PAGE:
New Times,
New Thinking.

  1. Election 2024
9 October 2014updated 27 Sep 2015 5:30am

From Hong Kong to Israel: why arms export controls are broken

When the UK sells weapons it not only facilitates the attacks they are used in, it also signals an approval for the governments that are carrying them out.

By Andrew Smith

The last few months have shown that the UK’s arms export controls system is broken. Nowhere has this been clearer than in the cases of Hong Kong and Israel. The situations may be very different, but the UK’s weak and complacent position has been entirely consistent.

Only last week it was revealed that tear gas produced by UK arms company Chemring was being used against pro-democracy protesters in Hong Kong.

In light of the revelations Chemring said it will review its policy, but the government hasn’t even done that.

On the contrary, the Foreign Secretary, Philip Hammond, has ruled out even reviewing any of the current export licences to Hong Kong. He went further than usual, explicitly making the facetious argument that if Hong Kong didn’t use UK tear gas it would simply get it from somewhere else. He told the BBC “CS gas is available from large numbers of sources around the world. To be frank, I think that is a rather immaterial point. They could buy CS gas from the US.”

This doesn’t just imply a worrying lack of understanding about his own role in overseeing the regulation of the arms trade, it also points to the deliberate and explicit weakening of export controls.

Select and enter your email address Your weekly guide to the best writing on ideas, politics, books and culture every Saturday. The best way to sign up for The Saturday Read is via saturdayread.substack.com The New Statesman's quick and essential guide to the news and politics of the day. The best way to sign up for Morning Call is via morningcall.substack.com
  • Administration / Office
  • Arts and Culture
  • Board Member
  • Business / Corporate Services
  • Client / Customer Services
  • Communications
  • Construction, Works, Engineering
  • Education, Curriculum and Teaching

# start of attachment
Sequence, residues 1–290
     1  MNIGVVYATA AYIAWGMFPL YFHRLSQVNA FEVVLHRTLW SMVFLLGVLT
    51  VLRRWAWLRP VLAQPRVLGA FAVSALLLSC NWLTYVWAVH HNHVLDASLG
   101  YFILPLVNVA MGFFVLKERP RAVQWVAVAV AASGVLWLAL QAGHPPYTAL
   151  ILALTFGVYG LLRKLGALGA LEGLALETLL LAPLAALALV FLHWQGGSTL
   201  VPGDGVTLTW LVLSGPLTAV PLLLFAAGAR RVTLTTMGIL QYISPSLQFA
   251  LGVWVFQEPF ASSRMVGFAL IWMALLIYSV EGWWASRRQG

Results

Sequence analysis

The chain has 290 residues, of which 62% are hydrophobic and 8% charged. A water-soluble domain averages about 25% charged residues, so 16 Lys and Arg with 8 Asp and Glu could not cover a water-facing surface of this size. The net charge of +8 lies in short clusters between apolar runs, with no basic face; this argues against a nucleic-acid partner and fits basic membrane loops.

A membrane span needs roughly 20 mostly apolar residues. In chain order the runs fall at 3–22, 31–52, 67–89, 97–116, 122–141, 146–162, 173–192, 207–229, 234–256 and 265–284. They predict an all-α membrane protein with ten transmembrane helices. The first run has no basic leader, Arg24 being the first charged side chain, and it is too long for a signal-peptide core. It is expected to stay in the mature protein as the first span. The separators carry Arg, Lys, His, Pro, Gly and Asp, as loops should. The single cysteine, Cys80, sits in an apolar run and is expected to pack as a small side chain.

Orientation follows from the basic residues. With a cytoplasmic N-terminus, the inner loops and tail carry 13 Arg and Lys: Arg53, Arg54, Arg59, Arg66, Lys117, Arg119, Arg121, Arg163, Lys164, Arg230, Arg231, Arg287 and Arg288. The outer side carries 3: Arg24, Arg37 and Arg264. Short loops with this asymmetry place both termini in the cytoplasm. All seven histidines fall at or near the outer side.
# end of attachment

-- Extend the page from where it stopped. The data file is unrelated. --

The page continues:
• Environment, Conservation and NRM
  • Facility / Grounds Management and Maintenance
  • Finance Management
  • Health - Medical and Nursing Management
  • HR, Training and Organisational Development
  • Information and Communications Technology
  • Information Services, Statistics, Records, Archives
  • Infrastructure Management - Transport, Utilities
  • Legal Officers and Practitioners
  • Librarians and Library Management
  • Management
  • Marketing
  • OH&S, Risk Management
  • Operations Management
  • Planning, Policy, Strategy
  • Printing, Design, Publishing, Web
  • Projects, Programs and Advisors
  • Property, Assets and Fleet Management
  • Public Relations and Media
  • Purchasing and Procurement
  • Quality Management
  • Science and Technical Research and Development
  • Security and Law Enforcement
  • Service Delivery
  • Sport and Recreation
  • Travel, Accommodation, Tourism
  • Wellbeing, Community / Social Services
Visit our privacy Policy for more information about our services, how Progressive Media Investments may use, process and share your personal data, including information on your rights in respect of your personal data and how you can unsubscribe from future marketing communications.
THANK YOU

A similar thing happened in August when a report from the Department of Business, Innovation and Skills (BIS)  found that there were up to 12 active licences for UK arms that could have been used in the recent bombardment of Gaza. The report, which was signed-off by Vince Cable, concluded that the licences would be suspended, but only in the event of any “resumption of significant hostilities”.

The temporary ceasefire fell apart only eight days later and gave way to another week of bloodshed, and yet the licences remained in place. The conflict killed over 2000 people, with the UK doing nothing meaningful to stop it. That is why we at Campaign Against Arms Trade have instructed our law firm, Leigh Day, to begin legal action against BIS to challenge its decision.

What these examples have in common is that they are representative of an arms control policy that focuses on maximising sales rather than limiting them.

The role that ministers like Cable and Hammond play in promoting arms deals isn’t limited to signing them off. Both of their departments play an active role in encouraging them. In less than 12 months the government will be playing host to the bi-annual DSEI arms fair in East London. This is one of the biggest arms fairs in the world and will bring hundreds of major arms companies together with some of the worst dictators. How can the UK credibly claim to be furthering human rights and democracy when it is actively courting tyrants?

On paper the UK’s licensing criteria is very clear. It says that licences should be revoked if there is ever a “clear risk” that equipment “might” be used in violation of international humanitarian law or internal repression. This must be assessed at the time the licensing decision is made. By any reasonable interpretation this should prohibit all future arms sales to countries like Israel or Hong Kong.

When the UK sells weapons it not only facilitates the attacks they are used in, it also signals an approval for the governments that are carrying them out. Changing this won’t just require the cancellation of a few licences, it will need a complete overhaul of government priorities and an end to the hypocrisy that is at the heart of foreign policy.

Andrew Smith is a spokesperson for Campaign Against Arms Trade and tweets at @wwwcaatorguk

Content from our partners
Peatlands are nature's unsung climate warriors
How the apprenticeship levy helps small businesses to transform their workforce
How to reform the apprenticeship levy